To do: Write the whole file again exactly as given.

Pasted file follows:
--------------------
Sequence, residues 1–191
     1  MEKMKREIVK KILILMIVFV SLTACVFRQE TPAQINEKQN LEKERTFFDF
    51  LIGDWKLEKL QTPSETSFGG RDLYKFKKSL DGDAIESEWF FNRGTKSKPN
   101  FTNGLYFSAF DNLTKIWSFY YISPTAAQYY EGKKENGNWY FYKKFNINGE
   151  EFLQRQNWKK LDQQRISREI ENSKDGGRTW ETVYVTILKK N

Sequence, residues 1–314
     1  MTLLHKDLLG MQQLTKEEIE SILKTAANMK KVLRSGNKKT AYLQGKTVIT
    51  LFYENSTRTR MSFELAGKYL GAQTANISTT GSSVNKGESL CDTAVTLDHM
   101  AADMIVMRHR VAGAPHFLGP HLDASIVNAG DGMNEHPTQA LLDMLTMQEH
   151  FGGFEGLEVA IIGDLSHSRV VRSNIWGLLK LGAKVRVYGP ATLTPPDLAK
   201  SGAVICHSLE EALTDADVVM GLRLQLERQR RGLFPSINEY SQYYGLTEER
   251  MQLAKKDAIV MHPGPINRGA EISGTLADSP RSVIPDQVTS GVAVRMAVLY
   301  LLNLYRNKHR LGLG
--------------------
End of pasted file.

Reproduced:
Sequence, residues 1–191
     1  MEKMKREIVK KILILMIVFV SLTACVFRQE TPAQINEKQN LEKERTFFDF
    51  LIGDWKLEKL QTPSETSFGG RDLYKFKKSL DGDAIESEWF FNRGTKSKPN
   101  FTNGLYFSAF DNLTKIWSFY YISPTAAQYY EGKKENGNWY FYKKFNINGE
   151  EFLQRQNWKK LDQQRISREI ENSKDGGRTW ETVYVTILKK N

Sequence, residues 1–314
     1  MTLLHKDLLG MQQLTKEEIE SILKTAANMK KVLRSGNKKT AYLQGKTVIT
    51  LFYENSTRTR MSFELAGKYL GAQTANISTT GSSVNKGESL CDTAVTLDHM
   101  AADMIVMRHR VAGAPHFLGP HLDASIVNAG DGMNEHPTQA LLDMLTMQEH
   151  FGGFEGLEVA IIGDLSHSRV VRSNIWGLLK LGAKVRVYGP ATLTPPDLAK
   201  SGAVICHSLE EALTDADVVM GLRLQLERQR RGLFPSINEY SQYYGLTEER
   251  MQLAKKDAIV MHPGPINRGA EISGTLADSP RSVIPDQVTS GVAVRMAVLY
   301  LLNLYRNKHR LGLG